Jan Rose Kasmir

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The iconic image of Kasmir, October 21, 1967

Jan Rose Kasmir (born in 1950) is a former American high-school student who became known due to an iconic anti-war photograph taken by French photographer Marc Riboud.[1] Kasmir was photographed on 21 October 1967 while taking part with several thousand anti-war activists who had marched to The Pentagon to protest against America’s involvement in Vietnam. Seventeen-year-old Kasmir was shown clasping a crysanthemum and gazing at bayonet-wielding soldiers. The photo was published world-wide and became a symbol of the flower power movement. Smithsonian Magazine later called it "a gauzy juxtaposition of armed force and flower child innocence".[2]

A similar image was taken the same day, by Bernie Boston, entitled Flower Power.

In London in February 2003, Riboud again photographed Kasmir protesting against the Iraq War where she carried a poster-size copy of the 1967 photograph.[2]

Kasmir became a massage therapist in 1986, graduating from the New York College of Health Professionals in Manhasset New York, at the . Jan moved to Hilton Head Island, SC. And pursued a highly successful career as a medically trained massage therapist. She attended a high profile list of clients including professional golfers,including Mike Weir, Joddy Mudd, Robert Allenby, Russ Cochran, tennis players, including Stan Smith and Tim Gullikson and celebrities including Sylvestor Stallone and wife Jennifer Flavin, Bon Jovi, John Cougar Mellencamp, Joel Silver and more. She volunteered massage for the wheelchair tennis tournaments sponsored by the Professional Tennis Registry since the 1980's.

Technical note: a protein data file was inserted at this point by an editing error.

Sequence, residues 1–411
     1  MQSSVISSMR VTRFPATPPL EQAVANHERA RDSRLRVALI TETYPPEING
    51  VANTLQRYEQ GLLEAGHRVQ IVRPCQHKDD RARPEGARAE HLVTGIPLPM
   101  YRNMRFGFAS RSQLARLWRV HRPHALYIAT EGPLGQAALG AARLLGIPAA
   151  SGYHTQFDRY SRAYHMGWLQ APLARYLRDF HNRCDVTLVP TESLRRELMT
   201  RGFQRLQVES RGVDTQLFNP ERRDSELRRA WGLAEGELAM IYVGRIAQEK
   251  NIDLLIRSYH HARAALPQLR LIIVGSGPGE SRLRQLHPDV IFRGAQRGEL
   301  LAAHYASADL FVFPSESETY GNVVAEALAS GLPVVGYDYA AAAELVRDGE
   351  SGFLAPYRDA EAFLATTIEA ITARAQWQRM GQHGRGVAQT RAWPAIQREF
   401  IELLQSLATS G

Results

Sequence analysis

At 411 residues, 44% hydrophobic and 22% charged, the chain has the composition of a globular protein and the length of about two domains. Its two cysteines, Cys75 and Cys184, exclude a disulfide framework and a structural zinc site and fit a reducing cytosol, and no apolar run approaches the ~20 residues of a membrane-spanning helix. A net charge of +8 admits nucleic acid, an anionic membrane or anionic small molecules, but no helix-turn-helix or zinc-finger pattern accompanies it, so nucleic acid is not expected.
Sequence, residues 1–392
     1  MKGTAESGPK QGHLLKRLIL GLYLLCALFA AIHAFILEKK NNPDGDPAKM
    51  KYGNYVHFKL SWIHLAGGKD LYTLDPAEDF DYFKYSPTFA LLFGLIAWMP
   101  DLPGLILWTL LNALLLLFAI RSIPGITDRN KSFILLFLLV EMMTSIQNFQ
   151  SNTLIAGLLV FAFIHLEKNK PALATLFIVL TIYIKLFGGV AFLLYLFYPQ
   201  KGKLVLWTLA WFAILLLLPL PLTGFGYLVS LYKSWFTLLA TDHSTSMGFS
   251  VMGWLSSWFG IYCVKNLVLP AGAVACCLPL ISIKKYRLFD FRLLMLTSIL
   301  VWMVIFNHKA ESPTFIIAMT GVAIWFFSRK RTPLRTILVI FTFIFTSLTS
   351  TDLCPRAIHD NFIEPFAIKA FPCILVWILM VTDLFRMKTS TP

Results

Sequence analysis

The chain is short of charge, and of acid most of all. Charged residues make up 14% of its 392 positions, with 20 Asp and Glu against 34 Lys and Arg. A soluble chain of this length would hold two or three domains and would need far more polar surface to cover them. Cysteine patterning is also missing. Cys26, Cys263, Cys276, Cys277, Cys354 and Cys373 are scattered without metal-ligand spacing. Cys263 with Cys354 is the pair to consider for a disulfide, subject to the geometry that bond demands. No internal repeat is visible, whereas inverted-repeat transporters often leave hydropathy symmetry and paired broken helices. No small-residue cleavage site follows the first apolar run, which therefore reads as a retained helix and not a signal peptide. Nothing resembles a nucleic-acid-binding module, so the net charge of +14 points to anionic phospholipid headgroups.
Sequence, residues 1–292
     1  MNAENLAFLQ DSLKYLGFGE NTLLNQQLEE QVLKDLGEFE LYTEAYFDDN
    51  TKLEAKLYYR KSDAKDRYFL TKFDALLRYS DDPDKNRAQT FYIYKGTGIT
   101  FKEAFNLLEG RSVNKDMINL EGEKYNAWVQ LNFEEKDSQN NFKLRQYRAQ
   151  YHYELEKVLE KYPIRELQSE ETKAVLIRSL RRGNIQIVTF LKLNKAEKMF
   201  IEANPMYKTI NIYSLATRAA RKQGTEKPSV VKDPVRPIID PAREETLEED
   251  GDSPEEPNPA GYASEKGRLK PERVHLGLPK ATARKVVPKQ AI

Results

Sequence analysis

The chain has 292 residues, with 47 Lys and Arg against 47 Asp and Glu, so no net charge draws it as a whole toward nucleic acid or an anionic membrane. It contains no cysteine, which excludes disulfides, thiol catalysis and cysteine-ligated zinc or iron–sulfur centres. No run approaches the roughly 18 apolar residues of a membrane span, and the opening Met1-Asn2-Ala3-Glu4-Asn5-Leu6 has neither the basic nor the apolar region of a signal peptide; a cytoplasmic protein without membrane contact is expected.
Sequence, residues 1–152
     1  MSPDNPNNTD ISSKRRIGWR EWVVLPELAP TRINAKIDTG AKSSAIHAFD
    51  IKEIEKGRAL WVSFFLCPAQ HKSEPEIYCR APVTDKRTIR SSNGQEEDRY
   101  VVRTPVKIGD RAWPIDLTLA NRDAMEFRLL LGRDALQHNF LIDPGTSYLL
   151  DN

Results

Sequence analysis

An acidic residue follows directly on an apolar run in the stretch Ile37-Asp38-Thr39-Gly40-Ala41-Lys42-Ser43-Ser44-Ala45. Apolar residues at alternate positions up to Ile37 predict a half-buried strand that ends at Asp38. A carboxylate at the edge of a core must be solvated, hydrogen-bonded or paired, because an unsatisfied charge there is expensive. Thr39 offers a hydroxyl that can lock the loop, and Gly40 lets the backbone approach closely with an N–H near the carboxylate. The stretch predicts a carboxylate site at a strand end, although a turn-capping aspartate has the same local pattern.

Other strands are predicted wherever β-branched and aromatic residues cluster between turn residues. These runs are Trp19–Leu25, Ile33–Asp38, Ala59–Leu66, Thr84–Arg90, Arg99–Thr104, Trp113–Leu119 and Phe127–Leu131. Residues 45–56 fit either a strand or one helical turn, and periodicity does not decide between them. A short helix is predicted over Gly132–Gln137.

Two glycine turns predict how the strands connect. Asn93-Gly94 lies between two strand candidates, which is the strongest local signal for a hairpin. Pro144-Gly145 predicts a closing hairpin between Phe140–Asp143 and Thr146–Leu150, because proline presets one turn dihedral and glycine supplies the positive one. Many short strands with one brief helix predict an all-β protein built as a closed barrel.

In 1991 her daughter, Lisa Ann Kasmir was born. Jan closed down her practice, and dedicated herself to mothering her daughter full-time. She moved to Aarhus, Denmark, with her Danish husband and her daughter.[2] She returned with her daughter to the United States in 2004, and resumed living on Hilton Head Island, South Carolina.

Over the years, Jan has dedicated many hours to volunteering her services. Her earliest experiences were with the American Red Cross as a Candy Striper at a nursing home. She also volunteered her time through the Unitarian Church's Youth Group, helping to clean up Scotland, Maryland, so they were able to receive normal trash pick up. In the 80's she spearheaded an effort to massage the feet of the peace marchers as they arrived in Washington, DC after crossing America in the Great Peace March.

In 2010 Jan was honored in Spain by the peace group, Paz Ahora. When the citizens of Spain were fighting General Franco and fascism, the photograph of Jan holding the flower up to the rifle-wielding soldiers was a huge source of inspiration for the freedom fighters. There was a full week of peace related activities. The final event was a dignified ceremony, wherein 3,000 people held lighted torches to form a human peace sign. The effect was stunning.

Currently, she is working on her autobiography with author, Ken Scott, whose best known book is Do The Birds Still Sing in Hell. Kasmir is aspiring to return to school to become a Rabbi and head up her social organization, Mensches in the Trenches, dedicated to promoting service to the community.

See also[edit]

Flower Power (photograph)


  1. ^ 1967 Marc Riboud, Magnum Photos
  2. ^ a b c Curry, Andrew (April 2004). "Flower Child". Smithsonian Magazine. 

External links[edit]